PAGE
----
• @crumble How can i get the coordinates instead of (None, None) ?



  • @mj said in Pytrack Code not running:

    @crumble Does it mean i need to configure my Lopy WiFi?

    Only if you want to see the actual date/time in this string. But remember that you have to be in the range of a WiFi which has the actual time. If you want to use it as a tracking device, it will be better to parse the time from the GPS sentence.

    If you start tracking in reach of your network and use only the normal sleep commands it will be fine. But this will cost you a lot of your battery power. If you send the LoPy to deepsleep, you need to get the time again, because the LoPy will boot on wake-up. In this case the GPS signal will be the best source.



  • @crumble Does it mean i need to configure my Lopy WiFi?



  • First (None, None) is the coordinate you don't get, because the chip does not receive signals.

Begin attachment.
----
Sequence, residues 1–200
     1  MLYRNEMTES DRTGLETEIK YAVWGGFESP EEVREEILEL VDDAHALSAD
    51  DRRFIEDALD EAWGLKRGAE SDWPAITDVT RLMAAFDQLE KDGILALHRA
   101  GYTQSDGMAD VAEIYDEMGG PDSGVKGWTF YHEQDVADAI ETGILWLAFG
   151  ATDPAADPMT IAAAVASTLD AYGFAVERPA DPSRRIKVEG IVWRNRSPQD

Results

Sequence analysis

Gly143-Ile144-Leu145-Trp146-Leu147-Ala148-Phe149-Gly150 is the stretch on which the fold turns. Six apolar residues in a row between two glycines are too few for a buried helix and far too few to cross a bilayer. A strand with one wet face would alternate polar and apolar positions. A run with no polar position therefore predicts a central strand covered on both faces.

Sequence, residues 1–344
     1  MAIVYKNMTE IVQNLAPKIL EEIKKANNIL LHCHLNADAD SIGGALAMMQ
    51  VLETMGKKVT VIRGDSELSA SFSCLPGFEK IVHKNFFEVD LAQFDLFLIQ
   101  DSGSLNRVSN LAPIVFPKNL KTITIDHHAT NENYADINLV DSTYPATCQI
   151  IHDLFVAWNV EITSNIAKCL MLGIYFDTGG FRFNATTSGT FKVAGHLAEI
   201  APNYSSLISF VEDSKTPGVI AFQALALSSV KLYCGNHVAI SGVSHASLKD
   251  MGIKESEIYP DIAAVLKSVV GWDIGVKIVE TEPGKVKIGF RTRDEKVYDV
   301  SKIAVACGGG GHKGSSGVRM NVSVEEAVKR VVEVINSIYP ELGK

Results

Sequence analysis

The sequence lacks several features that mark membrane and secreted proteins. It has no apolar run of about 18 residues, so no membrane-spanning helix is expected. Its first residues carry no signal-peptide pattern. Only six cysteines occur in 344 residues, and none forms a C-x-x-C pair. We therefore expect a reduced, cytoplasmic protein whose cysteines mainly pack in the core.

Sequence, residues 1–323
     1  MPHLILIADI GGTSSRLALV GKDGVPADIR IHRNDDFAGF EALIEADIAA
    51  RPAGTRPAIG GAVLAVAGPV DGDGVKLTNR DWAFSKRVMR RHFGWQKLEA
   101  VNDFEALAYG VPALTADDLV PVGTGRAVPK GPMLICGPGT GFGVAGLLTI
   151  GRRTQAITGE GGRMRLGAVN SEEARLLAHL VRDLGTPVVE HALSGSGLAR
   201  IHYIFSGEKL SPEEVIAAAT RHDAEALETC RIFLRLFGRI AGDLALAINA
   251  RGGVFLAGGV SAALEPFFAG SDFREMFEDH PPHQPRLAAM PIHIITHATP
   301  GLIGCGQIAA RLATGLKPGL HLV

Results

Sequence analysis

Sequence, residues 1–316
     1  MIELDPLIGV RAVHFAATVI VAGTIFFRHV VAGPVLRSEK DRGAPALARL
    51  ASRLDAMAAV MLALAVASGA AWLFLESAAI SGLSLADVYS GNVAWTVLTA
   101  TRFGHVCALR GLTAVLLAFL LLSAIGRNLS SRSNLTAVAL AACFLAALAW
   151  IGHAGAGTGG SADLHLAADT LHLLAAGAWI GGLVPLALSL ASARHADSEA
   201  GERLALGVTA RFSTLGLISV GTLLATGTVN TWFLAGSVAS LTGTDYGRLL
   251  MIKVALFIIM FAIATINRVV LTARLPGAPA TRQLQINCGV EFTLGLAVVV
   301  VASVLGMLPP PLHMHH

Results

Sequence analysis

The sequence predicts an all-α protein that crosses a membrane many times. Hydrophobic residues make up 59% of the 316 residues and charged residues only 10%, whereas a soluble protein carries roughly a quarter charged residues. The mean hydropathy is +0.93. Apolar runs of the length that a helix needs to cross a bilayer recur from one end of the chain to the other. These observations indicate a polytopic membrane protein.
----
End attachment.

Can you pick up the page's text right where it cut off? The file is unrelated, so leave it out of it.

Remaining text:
The date time is the minimal date time. The example set the RTC of the LoPy from the timeinformation of the network. By default the LoPy creates its own WiFi network and does not get any time information. Therefore it stay at the Unix minimal time. 1970-01-01 00:00:00. When you configure your LoPy to use your WiFi, it may get the time from an NTP and will set it to actual UTC. If I remenber it right, it sets the timezone for middle european summer time, as well.

    The example and library does not use the time information from the GPS. I wanted to work on this, but I decided to wait until Pycom releases the firmware udpdate which enables the second core. Shall be pretty simple. The GPS sentence used by the library shall contain UTC.